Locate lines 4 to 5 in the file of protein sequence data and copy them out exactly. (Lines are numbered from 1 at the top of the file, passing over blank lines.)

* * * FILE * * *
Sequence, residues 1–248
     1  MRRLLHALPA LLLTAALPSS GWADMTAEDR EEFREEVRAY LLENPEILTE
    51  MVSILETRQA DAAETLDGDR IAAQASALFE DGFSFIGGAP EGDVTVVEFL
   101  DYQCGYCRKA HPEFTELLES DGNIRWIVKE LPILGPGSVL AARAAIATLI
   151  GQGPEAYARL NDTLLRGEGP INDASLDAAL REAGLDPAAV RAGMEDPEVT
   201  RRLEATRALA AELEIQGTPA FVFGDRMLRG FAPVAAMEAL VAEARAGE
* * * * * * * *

   101  DYQCGYCRKA HPEFTELLES DGNIRWIVKE LPILGPGSVL AARAAIATLI
   151  GQGPEAYARL NDTLLRGEGP INDASLDAAL REAGLDPAAV RAGMEDPEVT